My cognitive skills are mending by the time I queue up in the back of a very long Bi-Rite line, but the heartbeat in my ears has escalated to a vice squeezing my temples. It hurts to talk. My stomach repeatedly tenses in a cramp and then suddenly releases, symptoms of someone who can no longer digest dairy products. The gas that accompanies lactose intolerance has not yet arrived, but psychologically, I am not doing well.
As I stare into my bowl of brown sugar with ginger caramel sauce, brown butter pecan, honey lavender, and Ricanelas (cinnamon), my jaw seems to have locked shut. I borrow Bi-Rite’s bathroom-key-on-a-whisk so I can pee to make room for more. When I get back, some of the scoops have melted into a brown sludge at the bottom of my bowl. I call a technicality and finish off just the remaining frozen bits in a few bites.
By the time I make it to Polly Ann Ice Cream, the sun is setting behind the fog and the air has the feeling of a wet towel. I want a bowl of warm salty broth with nothing chewable in it, but instead I am once again at the end of a line. This one snakes out into the darkened street. Little kids in knit caps toddle around in puffy coats, clapping their mittened hands in anticipation of frozen treats.
Polly Ann offers 48 different flavors, and this late in the experiment, the last thing I want to do is pick my poison. Fortunately, the efficient lady behind the counter senses I need intervention. She points at a sign above her head that reads, “Spin the wheel.” A mirrored, carnival wheel painted with numbers corresponding to flavors promises to do the deciding for me – and, if I’m lucky, even land me a free scoop.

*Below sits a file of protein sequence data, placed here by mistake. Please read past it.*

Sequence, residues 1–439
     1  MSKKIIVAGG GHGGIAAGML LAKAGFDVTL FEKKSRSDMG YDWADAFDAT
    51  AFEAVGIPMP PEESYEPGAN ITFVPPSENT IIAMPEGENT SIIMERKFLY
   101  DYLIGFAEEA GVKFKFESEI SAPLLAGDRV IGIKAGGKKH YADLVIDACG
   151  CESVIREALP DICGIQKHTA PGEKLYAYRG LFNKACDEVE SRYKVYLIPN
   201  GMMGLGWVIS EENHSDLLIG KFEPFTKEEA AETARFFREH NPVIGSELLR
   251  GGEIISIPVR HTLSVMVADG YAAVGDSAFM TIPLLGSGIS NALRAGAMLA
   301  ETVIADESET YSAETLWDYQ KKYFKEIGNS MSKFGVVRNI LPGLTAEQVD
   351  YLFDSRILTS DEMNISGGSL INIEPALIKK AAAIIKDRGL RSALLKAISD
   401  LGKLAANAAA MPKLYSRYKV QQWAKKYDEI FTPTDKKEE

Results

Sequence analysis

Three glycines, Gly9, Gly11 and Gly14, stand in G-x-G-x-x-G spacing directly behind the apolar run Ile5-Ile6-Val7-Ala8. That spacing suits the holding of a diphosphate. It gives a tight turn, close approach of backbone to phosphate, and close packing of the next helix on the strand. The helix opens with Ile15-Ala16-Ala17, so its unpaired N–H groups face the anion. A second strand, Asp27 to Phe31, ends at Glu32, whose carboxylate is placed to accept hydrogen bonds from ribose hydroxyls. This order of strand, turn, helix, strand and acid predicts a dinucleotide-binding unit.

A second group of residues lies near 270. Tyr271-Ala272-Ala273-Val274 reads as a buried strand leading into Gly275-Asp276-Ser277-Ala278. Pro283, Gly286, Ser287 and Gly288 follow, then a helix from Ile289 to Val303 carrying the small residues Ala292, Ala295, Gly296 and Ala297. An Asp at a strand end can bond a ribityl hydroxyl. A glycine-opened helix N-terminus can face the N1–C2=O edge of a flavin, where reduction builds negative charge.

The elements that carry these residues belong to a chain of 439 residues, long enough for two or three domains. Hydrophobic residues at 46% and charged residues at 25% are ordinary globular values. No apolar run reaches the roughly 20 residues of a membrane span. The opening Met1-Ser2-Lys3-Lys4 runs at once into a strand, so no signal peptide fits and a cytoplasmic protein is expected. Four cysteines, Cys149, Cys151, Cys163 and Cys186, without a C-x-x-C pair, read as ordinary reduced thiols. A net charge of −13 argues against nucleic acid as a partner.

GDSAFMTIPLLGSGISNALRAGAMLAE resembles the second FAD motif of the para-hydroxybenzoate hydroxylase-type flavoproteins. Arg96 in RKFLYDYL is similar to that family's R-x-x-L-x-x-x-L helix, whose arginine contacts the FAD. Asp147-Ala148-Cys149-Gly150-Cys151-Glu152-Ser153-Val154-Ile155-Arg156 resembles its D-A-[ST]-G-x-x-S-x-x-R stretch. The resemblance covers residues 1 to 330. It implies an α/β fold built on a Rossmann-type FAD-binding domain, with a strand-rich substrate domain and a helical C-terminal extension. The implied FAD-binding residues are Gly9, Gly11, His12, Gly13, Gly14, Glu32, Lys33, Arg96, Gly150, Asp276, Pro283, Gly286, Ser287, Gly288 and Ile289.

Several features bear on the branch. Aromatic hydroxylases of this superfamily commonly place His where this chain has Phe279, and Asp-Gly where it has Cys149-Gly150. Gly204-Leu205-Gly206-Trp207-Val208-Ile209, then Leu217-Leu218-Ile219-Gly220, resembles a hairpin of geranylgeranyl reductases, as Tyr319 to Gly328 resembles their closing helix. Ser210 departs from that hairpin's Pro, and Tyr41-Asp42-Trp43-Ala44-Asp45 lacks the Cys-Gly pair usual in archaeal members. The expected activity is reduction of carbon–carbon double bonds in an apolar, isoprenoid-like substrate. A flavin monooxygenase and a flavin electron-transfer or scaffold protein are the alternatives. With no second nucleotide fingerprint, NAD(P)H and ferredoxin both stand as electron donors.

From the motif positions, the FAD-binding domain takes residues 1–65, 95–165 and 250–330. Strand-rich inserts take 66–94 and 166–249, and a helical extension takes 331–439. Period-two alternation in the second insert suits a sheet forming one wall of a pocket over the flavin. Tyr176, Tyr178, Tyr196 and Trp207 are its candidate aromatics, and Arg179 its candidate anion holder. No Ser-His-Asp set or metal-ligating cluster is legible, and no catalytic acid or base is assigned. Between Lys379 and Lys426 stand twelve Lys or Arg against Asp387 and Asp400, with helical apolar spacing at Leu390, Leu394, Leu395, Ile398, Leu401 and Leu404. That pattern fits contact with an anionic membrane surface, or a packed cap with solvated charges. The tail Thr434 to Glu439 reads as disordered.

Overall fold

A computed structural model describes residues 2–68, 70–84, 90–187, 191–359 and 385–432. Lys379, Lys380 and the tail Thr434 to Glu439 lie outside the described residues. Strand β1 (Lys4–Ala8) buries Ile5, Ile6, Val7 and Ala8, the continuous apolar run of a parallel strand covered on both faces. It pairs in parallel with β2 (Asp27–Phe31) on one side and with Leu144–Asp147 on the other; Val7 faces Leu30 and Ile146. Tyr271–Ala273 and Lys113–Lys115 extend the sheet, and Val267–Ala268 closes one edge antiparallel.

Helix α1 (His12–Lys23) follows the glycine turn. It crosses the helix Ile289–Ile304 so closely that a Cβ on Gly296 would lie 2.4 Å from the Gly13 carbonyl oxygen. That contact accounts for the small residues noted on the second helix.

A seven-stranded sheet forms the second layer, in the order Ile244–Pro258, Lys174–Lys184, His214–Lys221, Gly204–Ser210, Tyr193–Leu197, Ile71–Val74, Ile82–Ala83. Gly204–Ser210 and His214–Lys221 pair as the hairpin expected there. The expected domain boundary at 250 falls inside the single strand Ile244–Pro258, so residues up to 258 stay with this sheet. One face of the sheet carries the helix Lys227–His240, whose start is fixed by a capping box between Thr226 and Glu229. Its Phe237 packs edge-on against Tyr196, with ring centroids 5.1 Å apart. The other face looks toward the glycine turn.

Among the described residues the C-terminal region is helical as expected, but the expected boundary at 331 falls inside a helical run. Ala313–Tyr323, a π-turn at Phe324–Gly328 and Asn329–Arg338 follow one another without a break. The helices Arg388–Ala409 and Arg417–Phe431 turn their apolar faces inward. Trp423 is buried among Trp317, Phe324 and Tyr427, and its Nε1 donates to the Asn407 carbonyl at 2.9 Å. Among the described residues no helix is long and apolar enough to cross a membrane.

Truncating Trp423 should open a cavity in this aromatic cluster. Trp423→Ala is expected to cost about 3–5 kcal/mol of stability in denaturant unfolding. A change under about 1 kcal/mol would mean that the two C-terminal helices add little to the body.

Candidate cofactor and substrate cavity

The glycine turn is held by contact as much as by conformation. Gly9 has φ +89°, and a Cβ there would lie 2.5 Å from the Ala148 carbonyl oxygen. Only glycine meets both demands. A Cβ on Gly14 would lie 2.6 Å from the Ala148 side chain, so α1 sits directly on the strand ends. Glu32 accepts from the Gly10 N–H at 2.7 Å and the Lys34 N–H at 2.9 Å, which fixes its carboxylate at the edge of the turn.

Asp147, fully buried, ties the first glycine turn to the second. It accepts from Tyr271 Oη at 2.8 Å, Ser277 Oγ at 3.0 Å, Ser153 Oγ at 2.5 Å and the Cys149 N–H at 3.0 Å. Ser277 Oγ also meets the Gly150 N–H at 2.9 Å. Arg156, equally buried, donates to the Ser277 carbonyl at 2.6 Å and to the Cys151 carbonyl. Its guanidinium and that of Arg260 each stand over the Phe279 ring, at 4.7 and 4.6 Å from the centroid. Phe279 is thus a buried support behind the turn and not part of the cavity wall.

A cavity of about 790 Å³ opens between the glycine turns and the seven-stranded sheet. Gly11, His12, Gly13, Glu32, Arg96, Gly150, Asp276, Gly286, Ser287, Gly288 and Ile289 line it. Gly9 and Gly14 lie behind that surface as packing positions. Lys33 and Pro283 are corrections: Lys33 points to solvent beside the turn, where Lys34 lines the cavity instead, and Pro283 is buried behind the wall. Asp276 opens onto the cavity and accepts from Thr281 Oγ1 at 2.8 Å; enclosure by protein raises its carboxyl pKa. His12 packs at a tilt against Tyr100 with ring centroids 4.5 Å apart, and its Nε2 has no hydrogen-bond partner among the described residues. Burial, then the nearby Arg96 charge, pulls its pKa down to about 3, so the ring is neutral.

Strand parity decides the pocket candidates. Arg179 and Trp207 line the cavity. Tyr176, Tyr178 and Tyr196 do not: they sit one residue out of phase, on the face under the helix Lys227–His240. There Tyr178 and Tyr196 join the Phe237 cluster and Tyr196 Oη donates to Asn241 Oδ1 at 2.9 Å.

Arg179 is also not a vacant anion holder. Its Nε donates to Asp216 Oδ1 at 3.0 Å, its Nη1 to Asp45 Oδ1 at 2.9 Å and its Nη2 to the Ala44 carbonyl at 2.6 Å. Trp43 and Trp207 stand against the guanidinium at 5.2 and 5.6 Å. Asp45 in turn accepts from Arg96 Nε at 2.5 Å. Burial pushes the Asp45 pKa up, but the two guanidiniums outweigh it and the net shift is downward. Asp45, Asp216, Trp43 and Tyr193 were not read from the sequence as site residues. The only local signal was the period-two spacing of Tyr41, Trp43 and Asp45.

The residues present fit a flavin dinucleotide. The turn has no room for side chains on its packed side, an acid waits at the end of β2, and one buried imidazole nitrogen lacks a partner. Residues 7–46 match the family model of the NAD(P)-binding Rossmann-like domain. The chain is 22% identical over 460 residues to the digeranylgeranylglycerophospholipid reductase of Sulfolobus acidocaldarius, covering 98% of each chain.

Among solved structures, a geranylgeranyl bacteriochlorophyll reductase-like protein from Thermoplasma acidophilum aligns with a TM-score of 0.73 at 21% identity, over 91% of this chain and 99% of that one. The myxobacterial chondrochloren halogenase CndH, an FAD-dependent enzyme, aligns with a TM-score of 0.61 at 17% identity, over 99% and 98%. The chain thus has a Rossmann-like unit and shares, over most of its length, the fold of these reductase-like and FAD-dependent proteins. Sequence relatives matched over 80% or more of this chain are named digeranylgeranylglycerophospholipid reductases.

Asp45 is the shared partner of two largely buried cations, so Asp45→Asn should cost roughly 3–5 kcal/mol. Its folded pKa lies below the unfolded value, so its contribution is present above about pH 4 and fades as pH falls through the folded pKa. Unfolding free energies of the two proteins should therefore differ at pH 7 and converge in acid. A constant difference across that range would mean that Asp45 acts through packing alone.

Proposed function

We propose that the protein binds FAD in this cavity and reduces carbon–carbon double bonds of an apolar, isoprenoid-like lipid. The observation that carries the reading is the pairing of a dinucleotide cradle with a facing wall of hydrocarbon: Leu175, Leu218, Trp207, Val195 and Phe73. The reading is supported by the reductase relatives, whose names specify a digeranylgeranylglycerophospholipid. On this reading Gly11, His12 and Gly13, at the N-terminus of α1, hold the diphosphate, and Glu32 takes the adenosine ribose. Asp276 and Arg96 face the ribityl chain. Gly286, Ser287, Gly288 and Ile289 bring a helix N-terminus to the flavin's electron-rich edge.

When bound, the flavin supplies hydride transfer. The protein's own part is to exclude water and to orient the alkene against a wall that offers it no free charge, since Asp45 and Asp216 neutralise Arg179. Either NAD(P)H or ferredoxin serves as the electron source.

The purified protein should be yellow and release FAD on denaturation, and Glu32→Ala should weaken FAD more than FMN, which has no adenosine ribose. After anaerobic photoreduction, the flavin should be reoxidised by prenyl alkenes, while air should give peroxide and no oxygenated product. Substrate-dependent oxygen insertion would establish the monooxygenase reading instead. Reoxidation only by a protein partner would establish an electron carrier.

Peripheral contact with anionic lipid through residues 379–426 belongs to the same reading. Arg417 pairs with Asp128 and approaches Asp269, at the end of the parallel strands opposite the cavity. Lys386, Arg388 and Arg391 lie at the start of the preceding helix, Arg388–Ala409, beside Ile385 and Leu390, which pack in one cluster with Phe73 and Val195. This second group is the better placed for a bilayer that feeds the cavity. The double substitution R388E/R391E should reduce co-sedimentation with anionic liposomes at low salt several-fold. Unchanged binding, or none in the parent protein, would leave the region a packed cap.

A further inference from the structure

“If you pick, you have to eat,” she warns. I agree to the terms.
She spins the wheel and it lands halfway between lychee sorbet and jamoca fudge almond. One is light and inconsequential, the other the equivalent to swallowing a brick. Only one is ice cream. As I crunch on the last almond at the bottom of my cup, I briefly feel a moment of triumph.
I am still thirsty, so I wash everything down with a Suicide – a blend of six sodas in a giant cup. As I stumble to the car, I toss the cup into a trashcan on the corner. The stench of rotten Chinese food and sour milk reaches up into my nose and deep down my throat. A montage of my day flashes before my eyes: a frozen marshmallow that fell down my shirt, the brown melted ice cream in the kid’s hair, the conjoined calves heads – and I throw up a little in my mouth.
I swear, it was the Suicide that sent me over the edge.
Take the tour and check out Miyako Old Fashioned Ice Cream in Japantown, Three Twins in the Lower Haight, Humphry Slocombe, Bi-Rite, and Bombay in the Mission, and Polly Ann in the Outer Sunset – but probably not all in one day. And, of course, there’s Mitchell’s in Noe Valley if you can handle the wait.